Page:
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Published December 11, 2011

 

Who is Kevin J. Anderson? If you’ve heard of him at all, it’s probably because of the Dune series. For reasons that don’t exist, Brian Herbert, son of Frank Herbert, chose Anderson to help him co-author unnecessary (opinion) sequels, prequels, and companion novels to the wildly best-selling book Dune. Before that, Anderson was rather successful on his own, penning Star Wars tie-ins and a rather droll (opinion) space opera. For this task, he bragged to me that he had been paid in six figures (fact).

I rather enjoyed his Star Wars novels and a few of the books from his space opera, because like most confused teenagers, space seemed cooler than coming to terms with myself. I enjoyed the semi-literate escapism of pulp science fiction.

I also had a tendency—and still have said tendency—to care far too much about things that I enjoy. These days, I’m an opinionated asshole about improv comedy and chili recipes. Back in my teenage years, I was an opinionated asshole about science fiction and using firefox instead of internet explorer.

So, being a fan, I read his myspace blog. And when he announced that he was cowriting Dune bullshit, I became enraged.

See, any passionate nerd can tell you that Dune, by Frank Herbert, is historically important to the scifi genre. Critically, the novel was one of the first to be accepted as legitimate literature. Economically, the novel was the first massively best-selling scifi novel; it also changed publishing strategies in the genre, with effects lasting to this day. I could go on, point being: it was important.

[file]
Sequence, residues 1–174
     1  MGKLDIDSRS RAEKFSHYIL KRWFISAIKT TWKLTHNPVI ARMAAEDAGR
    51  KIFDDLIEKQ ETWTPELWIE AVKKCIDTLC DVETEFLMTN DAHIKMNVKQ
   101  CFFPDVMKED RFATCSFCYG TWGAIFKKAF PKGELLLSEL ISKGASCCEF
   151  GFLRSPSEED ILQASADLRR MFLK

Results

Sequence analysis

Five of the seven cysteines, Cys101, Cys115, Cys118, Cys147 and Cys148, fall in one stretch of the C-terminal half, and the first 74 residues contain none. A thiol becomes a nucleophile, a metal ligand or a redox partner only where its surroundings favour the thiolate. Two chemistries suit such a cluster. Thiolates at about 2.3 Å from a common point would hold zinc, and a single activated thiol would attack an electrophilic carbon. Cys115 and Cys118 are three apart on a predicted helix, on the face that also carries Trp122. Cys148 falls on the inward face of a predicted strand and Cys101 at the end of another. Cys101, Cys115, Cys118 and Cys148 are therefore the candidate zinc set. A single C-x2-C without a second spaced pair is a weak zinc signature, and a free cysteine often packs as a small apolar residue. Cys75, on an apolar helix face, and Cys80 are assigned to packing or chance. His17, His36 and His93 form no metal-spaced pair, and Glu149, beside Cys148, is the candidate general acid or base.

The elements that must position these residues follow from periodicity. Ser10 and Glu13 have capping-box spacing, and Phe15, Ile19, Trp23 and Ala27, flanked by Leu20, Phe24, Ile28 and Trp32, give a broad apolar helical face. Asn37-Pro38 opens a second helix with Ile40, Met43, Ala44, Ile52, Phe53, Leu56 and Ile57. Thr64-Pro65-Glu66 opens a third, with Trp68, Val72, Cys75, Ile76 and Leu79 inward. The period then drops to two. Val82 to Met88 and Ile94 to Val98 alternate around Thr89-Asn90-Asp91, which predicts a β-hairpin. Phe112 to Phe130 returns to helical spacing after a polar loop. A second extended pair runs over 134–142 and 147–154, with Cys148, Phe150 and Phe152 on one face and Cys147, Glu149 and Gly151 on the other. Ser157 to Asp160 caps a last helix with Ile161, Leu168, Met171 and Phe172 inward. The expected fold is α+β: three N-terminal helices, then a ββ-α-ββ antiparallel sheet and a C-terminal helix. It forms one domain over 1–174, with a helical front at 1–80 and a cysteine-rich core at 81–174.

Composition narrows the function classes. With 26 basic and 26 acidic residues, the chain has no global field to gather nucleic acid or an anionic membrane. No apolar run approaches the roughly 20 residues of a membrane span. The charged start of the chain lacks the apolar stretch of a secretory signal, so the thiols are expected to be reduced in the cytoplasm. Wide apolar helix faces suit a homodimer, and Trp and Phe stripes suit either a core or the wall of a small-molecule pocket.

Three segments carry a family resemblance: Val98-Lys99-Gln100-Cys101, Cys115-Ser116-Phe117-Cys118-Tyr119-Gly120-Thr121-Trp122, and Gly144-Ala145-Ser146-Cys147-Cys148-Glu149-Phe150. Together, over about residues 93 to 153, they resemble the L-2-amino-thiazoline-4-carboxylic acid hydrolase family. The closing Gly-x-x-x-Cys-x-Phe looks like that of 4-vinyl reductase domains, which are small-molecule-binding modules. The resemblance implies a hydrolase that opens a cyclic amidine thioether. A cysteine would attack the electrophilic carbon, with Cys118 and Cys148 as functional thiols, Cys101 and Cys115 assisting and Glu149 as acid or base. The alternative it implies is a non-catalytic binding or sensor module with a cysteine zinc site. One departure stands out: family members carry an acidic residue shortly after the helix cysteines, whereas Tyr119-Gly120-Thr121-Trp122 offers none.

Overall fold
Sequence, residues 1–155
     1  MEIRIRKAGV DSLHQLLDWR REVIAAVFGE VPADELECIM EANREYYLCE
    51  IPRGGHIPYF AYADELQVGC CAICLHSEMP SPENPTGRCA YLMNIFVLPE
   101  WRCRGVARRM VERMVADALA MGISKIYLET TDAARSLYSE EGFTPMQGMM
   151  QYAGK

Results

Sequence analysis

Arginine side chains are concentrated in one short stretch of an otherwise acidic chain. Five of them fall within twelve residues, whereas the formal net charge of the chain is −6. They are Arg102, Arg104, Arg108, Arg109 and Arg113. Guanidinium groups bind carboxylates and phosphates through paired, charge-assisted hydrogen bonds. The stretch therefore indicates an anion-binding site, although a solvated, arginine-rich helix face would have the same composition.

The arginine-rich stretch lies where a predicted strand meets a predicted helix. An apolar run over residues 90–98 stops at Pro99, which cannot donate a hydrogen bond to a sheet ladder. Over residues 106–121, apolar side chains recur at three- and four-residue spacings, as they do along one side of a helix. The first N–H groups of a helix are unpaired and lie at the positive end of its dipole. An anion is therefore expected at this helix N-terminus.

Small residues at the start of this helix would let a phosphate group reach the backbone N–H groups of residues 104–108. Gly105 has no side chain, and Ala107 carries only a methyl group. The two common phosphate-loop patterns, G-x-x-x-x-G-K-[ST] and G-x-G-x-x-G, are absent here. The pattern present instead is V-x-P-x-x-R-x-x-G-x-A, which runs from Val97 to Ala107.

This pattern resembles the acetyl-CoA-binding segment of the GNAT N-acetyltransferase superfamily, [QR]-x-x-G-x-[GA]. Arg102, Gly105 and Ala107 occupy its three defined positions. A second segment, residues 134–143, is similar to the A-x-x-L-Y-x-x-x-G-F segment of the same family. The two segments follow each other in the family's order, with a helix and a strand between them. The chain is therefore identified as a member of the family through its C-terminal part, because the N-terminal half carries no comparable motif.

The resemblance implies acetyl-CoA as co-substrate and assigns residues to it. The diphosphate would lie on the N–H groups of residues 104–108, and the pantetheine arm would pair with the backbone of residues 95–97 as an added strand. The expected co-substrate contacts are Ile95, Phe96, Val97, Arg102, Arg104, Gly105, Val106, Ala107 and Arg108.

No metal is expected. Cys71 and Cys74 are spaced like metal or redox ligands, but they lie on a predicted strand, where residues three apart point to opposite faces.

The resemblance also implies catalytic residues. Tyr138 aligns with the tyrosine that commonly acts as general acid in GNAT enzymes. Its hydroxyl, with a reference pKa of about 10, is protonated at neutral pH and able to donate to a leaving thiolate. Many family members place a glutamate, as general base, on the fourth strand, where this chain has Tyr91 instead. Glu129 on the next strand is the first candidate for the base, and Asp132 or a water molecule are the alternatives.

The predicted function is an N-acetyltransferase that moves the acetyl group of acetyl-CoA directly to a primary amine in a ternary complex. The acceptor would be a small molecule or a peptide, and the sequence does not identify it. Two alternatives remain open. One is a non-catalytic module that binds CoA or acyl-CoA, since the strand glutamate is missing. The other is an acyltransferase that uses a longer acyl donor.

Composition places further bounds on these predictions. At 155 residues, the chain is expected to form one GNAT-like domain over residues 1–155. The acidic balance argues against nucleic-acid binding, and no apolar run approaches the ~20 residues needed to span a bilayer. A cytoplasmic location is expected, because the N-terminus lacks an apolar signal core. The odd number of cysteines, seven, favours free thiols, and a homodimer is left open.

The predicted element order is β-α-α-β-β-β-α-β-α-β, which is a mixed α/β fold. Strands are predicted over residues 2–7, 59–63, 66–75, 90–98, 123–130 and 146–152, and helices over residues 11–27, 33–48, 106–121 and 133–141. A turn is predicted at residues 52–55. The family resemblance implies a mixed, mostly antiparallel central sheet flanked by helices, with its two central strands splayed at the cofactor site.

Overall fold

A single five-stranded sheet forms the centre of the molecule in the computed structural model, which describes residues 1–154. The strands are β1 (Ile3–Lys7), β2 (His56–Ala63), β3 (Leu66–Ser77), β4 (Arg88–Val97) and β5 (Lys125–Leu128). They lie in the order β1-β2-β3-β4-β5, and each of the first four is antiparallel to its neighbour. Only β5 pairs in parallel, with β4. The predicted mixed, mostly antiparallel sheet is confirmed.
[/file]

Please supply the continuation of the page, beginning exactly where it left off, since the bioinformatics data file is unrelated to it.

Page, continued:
Another point being: I had never read it. I still haven’t read it. I don’t think I ever will. I was just being irrationally angry.

Then again, when Kevin J. Anderson, famous for fucking Star Wars tie-ins, announces that he’s writing Dune stuff, the only appropriate response is to hate the world.

See, it’s like Ke$ha announcing she’s teaming up with John Lennon’s son to produce Abbey Road 2. Ke$ha makes dumb, goofy music that you listen to when you’re drunk. It’s not art. And John Lennon’s son is not John Lennon. So the idea of the two of them making an album is (a) stupid and (b) clearly a ploy to make money.

Similarly, the whole Dune shenanigan was (a) stupid, since neither Kevin nor Frank’s son Brian can put a fucking sentence together, and (b) an obvious ploy for money, which is something he admitted to me during our year-long myspace argument.

We got into it when, about a month into plugging Dune stuff on his blog, I commented the following:

“You should really stop feeding your audience refried Herbert.”

He responded personally. I don’t remember exactly what he said, but it was to the tune of ‘Screw off, people like it.’

Now, I’m an arrogant piece of shit, and the internet is a great place to be a hater. So I hated. I told him that it was obvious that he was working for money, not art, and that that made him a bad person. I’m still generally of that opinion.